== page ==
You mentioned the registry of companies which will be operational on the blockchain by the end of the year, are there plans to set up any more government services on the blockchain?
Yes, every registry is being analysed to be put on the blockchain. We have currently started by putting education certificates on the blockchain. Reformed rent laws will also require the registry of rents on the blockchain. By being registered using distributed ledger technologies, the contracts will be protected against tampering and only those authorised will have access to them. We plan to tackle Identity and health records, and tax next.
Will we have a national blockchain or will a different blockchain exist for each field?
This is something we’re still analysing. On a European level, the European commission has issued a tender to have a European platform, so depending on that result, we’ll analyse whether it’s more viable for us to ride on that platform or have our own platform. At the moment what we’re doing is building our own systems which can plug into other already public or private blockchains and eventually we can analyse whether to keep them that way or have a separate blockchain.
Although it’s early days yet – what is the government’s longterm vision for a space strategy?
We’re already in discussions with at least two European countries which have put a lot of investment into this area and we have already identified a very interesting project to be implemented here in Malta. Hopefully we will sign this agreement next month and that will take us into the movement of space activities. This year we launched the Space Task Force, which has the responsibility to devise a space strategy including a regulatory framework to regulate the arena. Here we’re not looking at the economical and research aspect of space, rather at things such as the registration of satellites, space mining, the registration of companies investing in space mining, and in terms of research from data used in satellites. That is the commercialisation aspect of space.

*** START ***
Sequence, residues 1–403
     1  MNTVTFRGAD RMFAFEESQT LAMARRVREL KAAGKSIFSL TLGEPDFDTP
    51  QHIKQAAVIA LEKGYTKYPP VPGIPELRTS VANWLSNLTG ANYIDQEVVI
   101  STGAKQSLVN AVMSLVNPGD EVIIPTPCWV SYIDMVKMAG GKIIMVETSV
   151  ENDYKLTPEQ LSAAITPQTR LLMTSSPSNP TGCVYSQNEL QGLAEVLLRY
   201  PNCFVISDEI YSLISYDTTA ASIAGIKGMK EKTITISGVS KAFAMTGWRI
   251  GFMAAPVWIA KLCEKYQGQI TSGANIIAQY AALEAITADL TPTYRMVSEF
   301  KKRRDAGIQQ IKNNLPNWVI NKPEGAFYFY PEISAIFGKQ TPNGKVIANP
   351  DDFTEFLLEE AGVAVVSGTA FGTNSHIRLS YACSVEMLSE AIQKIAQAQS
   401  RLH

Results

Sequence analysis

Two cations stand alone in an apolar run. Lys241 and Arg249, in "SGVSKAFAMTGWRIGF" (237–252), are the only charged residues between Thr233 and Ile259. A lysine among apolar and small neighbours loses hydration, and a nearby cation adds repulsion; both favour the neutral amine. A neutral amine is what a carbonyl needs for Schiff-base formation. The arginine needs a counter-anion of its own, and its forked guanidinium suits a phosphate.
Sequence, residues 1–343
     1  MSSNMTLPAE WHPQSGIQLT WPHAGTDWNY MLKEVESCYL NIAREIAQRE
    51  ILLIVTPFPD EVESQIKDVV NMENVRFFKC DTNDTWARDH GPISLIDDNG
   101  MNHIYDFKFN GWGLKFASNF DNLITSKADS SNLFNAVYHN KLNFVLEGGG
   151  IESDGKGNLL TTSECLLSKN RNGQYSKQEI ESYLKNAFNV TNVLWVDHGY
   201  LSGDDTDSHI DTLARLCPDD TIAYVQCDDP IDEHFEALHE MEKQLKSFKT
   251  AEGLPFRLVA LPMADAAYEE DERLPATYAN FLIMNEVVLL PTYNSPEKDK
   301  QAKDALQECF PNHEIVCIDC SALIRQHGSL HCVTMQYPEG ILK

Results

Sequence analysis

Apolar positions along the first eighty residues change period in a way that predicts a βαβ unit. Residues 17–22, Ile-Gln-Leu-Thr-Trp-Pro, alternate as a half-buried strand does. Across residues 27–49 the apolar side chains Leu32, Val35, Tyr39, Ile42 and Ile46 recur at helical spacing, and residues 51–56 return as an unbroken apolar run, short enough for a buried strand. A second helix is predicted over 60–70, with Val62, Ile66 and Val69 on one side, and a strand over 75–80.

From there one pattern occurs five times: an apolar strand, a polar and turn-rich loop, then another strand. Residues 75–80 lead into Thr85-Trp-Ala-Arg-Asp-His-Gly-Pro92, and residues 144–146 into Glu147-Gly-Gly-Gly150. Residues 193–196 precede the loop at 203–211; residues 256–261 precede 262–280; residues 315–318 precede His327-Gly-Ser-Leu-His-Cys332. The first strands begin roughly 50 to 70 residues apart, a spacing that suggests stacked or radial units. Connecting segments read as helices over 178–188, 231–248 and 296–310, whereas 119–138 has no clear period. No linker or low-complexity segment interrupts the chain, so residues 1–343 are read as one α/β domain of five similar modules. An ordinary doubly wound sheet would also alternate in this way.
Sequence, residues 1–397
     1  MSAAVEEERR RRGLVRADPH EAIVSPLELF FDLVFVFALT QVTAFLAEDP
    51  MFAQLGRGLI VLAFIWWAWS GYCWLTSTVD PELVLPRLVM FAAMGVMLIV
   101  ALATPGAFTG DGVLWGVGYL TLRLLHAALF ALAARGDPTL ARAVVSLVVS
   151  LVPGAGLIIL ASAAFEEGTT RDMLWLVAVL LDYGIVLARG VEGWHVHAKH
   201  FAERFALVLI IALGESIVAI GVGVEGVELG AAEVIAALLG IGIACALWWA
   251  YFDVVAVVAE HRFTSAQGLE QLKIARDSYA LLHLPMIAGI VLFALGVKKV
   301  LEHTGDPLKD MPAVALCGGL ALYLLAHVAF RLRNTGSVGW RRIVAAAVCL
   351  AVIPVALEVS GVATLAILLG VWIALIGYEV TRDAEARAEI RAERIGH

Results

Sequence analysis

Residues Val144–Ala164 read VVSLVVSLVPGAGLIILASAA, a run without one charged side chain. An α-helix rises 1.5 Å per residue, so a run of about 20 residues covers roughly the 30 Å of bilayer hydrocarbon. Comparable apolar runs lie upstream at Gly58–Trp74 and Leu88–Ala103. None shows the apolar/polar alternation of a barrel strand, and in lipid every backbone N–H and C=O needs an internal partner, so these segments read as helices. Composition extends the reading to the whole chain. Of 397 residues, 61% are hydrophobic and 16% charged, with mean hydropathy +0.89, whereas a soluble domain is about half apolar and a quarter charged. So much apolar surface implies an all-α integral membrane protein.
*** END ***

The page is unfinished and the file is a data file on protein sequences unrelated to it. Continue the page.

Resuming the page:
Let’s talk about AI and Malta’s national strategy – a public consultation on ethics guidelines was launched recently, what are the main objectives governing this?
The Malta Ethical AI framework was up for public consultation and was developed based on four objectives, namely; a human centric approach, respect for all the applicable laws and regulations, human rights, and democratic values, to maximise the benefits of AI systems while preventing and minimising risks, and finally to be aligned with emerging international standards and norms around AI ethics.
Having a framework on ethical and trustworthy AI is crucial as this will serve as guidance in the creation of trustworthy AI projects, but most importantly it will play a crucial part in instilling trust amongst the public. It is through these solid foundations, which will eventually lead us to the certification of AI-related projects. The Malta.AI Taskforce has been doing sterling work in drafting Malta’s National AI Strategy which is aimed at putting Malta amongst the 10 nations in the world to have a strategy likely to impact every sector we know today.
Towards the end of the year we’ll also make public the regulatory framework, to attract AI companies to Malta and to have internal operations operating on AI. This is also how we’re working in terms of digital structure – because it will continue to modernise how we provide services as a country, allowing us to be more avant-guard in this sphere.
Using IoT technology to optimise public services is also something the government has been investing heavily in, what projects do you have lined up?
I see IoT as a medium for bringing tech closer to the people. We’ve launched initiatives with Vodafone, having recently signed a MOU. Our first project was to implement intelligent bins, which communicate with the constructor when 70% full, alerting them if there’s a problem such as fire or flooding– this will increase efficiency and reduce people traffic.
There is also another project that is going to be implemented in Luqa for smart parking, where a free app would let parkers know where there is an empty parking space. This will then expand to other localities around Malta.
We believe our continued efforts in this sphere will cement Malta its earned nickname as the Blockchain Island. It will put us at the forefront of this digital transformation we have embarked upon, as well as a hub for innovation and creativity making Malta the ultimate jurisdiction of choice. The future is an exciting one and it is digital.
Read more articles like this by visiting the digital edition of Block Magazine.